Despite our initial reservations about Call of Duty: World at War, this is a great game for the PC.
I'm a massive Call of Duty fan; I played the first two games religiously and every now and again, I'll reinstall one or the other and play through it from beginning to end.
I didn't appreciate the third installment very much, mostly because they didn't bother releasing it on the PC (what was Activision thinking?) but the Call of Duty franchise redeemed itself with the sublime Modern Warfare. I loved that game-the single-player was awesome (AC130 missiosn FTW!), the modern setting was fantastic and, woh, was the multiplayer good!
I was initially skeptical when Call of Duty: World at War was announced - why go back to World War II when the modern setting hadn't yet been fully explored - but my doubts quickly disappeared when I finally got my hands on a copy.
Call of Duty: World at War - shoot to kill
Call of Duty: World at War's single-player campaign is fairly short and even though some of the settings are new, it does suffer a little from "been there, done that" syndrome. However, it's still compelling enough to keep me going.
Here's a tip for you: don't play the first time through on anything higher than the normal difficulty. I bumped it up to Hardened and found the game to be exceedingly brutall. Call of Duty: World at War felt unbalanced as I would die repeatedly from an overwhelming number of enemies who were apparently all firing magic bullets that could find me even behind cover.
Oh, and grenades are extremely deadly in Call of Duty: World at War - I'd be well entrenched only to find one dropped right into my lap and it's almost an instant kill unless you're lucky enough to run away from it.
Of course, to do that, you have to pop out of cover and that's when those magic bullets find you.
Still, Call of Duty: World at War's single-player campaign offered enough action and variety to keep me going. You don't get to do anything as cool as the AC130 missions in Modern Warfare but there is a really neat segment where you're a gunner in a plane and have to shuffle between multiple gun points to keep the enemy at bay.
Call of Duty: World at War - One Man Army?
But single-player aside the multiplayer truly is Call of Duty: World at War's strength. The servers weren't live when I was reviewing the game but we did get to hop on with members of the Dev team for a little Nazi Zombies action and it looks awesome.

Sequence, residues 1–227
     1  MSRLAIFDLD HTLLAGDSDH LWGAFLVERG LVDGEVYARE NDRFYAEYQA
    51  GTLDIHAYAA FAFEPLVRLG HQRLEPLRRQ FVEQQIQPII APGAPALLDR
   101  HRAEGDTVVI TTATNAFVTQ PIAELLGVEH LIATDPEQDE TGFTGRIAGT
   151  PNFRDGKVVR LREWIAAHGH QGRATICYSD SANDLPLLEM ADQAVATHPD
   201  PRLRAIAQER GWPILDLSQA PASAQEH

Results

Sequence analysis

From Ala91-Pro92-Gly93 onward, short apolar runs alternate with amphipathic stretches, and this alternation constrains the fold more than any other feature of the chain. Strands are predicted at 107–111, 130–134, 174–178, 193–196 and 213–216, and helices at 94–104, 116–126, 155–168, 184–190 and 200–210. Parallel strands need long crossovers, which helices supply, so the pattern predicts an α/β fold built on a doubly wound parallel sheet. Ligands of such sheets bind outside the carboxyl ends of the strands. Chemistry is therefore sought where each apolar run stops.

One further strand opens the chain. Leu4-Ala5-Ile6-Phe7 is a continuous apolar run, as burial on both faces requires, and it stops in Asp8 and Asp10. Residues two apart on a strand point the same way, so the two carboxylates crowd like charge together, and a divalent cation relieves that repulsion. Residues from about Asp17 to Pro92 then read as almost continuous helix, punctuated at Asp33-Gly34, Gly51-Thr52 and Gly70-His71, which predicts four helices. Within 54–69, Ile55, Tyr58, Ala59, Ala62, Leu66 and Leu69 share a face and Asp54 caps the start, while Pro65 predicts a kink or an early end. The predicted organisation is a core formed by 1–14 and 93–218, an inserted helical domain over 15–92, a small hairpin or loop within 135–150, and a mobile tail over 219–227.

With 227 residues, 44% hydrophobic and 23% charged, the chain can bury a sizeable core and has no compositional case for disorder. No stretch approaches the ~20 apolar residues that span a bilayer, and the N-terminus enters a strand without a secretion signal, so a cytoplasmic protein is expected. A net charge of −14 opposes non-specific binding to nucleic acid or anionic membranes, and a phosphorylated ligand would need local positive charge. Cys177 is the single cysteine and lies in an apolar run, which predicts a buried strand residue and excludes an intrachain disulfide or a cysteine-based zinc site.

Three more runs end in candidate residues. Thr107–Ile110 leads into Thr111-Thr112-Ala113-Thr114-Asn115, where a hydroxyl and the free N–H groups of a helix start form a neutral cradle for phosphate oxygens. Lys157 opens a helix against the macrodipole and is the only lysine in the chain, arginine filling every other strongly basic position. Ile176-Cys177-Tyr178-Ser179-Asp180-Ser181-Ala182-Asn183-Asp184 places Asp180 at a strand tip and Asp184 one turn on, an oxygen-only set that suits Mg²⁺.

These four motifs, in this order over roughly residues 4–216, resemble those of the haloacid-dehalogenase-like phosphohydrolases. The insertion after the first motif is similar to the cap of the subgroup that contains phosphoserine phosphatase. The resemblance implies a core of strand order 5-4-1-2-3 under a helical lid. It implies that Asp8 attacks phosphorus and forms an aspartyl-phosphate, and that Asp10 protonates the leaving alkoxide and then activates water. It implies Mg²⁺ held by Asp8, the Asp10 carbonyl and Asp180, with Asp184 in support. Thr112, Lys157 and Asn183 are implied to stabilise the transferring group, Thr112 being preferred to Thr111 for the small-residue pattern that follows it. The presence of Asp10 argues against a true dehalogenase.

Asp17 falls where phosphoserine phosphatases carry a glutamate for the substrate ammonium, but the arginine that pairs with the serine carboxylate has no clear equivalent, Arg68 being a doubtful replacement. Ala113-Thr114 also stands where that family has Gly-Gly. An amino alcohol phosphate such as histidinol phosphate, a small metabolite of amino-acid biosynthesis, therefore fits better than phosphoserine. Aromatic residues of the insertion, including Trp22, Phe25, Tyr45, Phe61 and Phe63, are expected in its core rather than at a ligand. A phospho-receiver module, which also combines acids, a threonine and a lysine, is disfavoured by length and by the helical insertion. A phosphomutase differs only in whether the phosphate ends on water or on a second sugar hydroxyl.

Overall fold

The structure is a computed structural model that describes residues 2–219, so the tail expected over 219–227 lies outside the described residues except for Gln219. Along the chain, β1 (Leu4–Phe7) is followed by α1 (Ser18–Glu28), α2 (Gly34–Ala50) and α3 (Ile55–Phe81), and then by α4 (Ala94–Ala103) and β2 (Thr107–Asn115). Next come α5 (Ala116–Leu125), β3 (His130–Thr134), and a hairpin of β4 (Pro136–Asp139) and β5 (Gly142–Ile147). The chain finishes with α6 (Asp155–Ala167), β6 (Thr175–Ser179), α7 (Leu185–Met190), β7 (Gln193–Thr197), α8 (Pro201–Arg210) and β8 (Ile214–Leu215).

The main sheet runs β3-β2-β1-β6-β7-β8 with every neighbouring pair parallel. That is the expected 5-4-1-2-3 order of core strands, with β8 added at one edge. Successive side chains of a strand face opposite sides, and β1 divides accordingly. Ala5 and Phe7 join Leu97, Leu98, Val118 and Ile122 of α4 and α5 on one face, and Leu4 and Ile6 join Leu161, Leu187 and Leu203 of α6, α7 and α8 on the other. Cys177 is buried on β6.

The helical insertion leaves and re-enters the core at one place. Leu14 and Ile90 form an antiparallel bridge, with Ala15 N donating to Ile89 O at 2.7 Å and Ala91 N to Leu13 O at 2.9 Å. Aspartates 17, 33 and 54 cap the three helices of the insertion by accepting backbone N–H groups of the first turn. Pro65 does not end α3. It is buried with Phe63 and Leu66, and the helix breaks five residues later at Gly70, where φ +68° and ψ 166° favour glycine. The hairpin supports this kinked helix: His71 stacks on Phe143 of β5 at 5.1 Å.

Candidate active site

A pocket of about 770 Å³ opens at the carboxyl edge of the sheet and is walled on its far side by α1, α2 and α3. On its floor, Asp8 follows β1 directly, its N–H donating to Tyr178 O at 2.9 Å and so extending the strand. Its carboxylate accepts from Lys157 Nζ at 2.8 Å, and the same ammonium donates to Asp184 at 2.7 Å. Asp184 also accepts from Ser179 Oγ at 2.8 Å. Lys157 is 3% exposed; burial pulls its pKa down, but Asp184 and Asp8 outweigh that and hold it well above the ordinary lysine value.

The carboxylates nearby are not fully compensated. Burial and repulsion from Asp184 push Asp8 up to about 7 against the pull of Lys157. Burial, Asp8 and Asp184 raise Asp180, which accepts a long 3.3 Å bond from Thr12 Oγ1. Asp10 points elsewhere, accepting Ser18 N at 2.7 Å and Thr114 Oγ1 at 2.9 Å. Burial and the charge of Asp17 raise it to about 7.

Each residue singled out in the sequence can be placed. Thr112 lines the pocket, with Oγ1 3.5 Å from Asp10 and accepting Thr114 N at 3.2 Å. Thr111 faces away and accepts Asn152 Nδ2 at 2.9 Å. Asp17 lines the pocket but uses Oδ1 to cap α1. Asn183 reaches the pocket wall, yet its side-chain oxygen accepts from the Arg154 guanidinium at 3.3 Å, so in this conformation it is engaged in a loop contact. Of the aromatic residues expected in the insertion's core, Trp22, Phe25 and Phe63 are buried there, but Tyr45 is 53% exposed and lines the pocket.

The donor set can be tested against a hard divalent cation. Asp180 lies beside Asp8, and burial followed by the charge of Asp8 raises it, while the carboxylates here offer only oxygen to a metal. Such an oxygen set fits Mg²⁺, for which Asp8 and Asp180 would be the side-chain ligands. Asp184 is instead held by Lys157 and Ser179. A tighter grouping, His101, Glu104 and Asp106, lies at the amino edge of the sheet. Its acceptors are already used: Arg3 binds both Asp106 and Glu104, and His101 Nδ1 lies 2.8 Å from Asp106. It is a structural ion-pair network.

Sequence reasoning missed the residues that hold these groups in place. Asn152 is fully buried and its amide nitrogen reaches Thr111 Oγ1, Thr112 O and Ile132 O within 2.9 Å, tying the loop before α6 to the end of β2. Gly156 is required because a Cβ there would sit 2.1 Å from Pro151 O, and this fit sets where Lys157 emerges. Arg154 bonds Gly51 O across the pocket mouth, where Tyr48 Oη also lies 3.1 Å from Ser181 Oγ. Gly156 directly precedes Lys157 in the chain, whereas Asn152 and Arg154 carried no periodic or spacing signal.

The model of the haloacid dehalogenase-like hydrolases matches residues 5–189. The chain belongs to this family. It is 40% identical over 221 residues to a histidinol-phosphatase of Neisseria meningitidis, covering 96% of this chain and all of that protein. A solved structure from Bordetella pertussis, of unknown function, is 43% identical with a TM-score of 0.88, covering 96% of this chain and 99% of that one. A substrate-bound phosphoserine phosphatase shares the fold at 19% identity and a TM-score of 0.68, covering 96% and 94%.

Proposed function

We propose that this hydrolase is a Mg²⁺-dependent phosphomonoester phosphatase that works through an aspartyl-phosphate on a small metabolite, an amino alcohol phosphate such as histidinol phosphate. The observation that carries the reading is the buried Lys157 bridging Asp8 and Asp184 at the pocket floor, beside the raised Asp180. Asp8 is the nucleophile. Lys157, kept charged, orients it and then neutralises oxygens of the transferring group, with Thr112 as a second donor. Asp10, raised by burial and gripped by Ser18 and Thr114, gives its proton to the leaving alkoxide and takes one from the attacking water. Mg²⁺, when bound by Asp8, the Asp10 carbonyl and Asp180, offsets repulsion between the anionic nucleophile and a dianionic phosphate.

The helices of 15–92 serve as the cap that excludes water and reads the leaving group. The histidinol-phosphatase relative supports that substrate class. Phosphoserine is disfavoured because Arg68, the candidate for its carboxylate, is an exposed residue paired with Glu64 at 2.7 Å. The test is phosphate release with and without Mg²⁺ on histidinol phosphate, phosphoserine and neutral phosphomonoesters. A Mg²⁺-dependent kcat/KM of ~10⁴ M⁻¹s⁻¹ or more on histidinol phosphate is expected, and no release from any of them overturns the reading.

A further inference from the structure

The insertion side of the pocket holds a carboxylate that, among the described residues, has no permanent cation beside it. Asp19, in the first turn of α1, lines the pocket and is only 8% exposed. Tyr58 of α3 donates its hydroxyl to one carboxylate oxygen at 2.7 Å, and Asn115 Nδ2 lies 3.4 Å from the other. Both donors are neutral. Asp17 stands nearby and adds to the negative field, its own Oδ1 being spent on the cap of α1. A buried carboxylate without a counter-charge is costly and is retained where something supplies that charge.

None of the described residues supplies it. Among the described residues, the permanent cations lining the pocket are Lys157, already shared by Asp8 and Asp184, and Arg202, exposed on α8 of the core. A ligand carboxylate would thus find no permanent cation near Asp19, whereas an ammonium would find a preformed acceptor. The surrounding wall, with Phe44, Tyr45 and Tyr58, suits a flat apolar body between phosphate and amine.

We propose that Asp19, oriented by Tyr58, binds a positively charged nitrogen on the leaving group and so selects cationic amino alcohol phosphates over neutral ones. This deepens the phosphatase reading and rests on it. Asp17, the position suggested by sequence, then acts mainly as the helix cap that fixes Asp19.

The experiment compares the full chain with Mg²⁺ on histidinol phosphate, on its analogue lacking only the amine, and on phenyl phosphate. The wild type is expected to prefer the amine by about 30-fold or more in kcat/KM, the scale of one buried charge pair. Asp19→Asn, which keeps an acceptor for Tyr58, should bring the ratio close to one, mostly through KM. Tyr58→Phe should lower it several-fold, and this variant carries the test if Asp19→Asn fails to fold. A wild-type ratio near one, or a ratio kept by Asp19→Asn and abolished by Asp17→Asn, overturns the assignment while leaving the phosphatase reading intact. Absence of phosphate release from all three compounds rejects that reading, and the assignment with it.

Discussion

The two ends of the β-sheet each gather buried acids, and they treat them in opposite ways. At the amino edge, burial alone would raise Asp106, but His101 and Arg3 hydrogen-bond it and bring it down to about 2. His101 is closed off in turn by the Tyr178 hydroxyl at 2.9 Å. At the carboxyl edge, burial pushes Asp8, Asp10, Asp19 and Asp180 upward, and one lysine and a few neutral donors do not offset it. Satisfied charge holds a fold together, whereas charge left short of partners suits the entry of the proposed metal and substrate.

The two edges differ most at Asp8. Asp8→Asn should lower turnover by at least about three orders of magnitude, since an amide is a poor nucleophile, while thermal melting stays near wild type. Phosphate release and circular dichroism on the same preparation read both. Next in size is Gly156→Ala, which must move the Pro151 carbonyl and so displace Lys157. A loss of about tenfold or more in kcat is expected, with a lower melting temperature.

You're basically stuck in a bombed out building that's under assualt by waves of zombies; you get cash for shooting and killing the undead and you use it to buy new weapons and repair the barricades that keep them out. It makes for an intensely good time and I can see it sucking up a lot of my hours here in the office.
I haven't had a chance to test out the online multiplayer of Call of Duty: World at War much outside of the PC beta but it looks to replicate the addictiveness of Modern Warfare; create-a-class is back as are the perks.
You can still kit out your weapons with scopes and bayonets and they've tweaked the kill-streak perks-instead of UAV drones, you get recon planes and instead of helicopters, you get a pack of dogs. I'm positive it's going to be awesome and there are plenty of modes and maps to keep you busy.
Call of Duty: World at War - this is my rifle, this is my gun
Honestly, regardless of what version you play, you're in for a good time with Call of Duty: World at War. Personally, I'll be sticking to the PC version. I prefer the keyboard and mouse over a controller and it's far easier to jump online and get a match going (I don't Xbox Live). You'll need a fairly decent computer to get the game running with high details and a good resolution but it won't break the system the way Crysis can.
I thought I'd gotten sick of World War II games a long time ago but Treyarch did a great job of injecting new life into the genre. The single-player isn't as compelling as Modern Warfare but it's still worth playing nonetheless; the best part though is that there's a deep and satisfying multiplayer component waiting for you when you're done.
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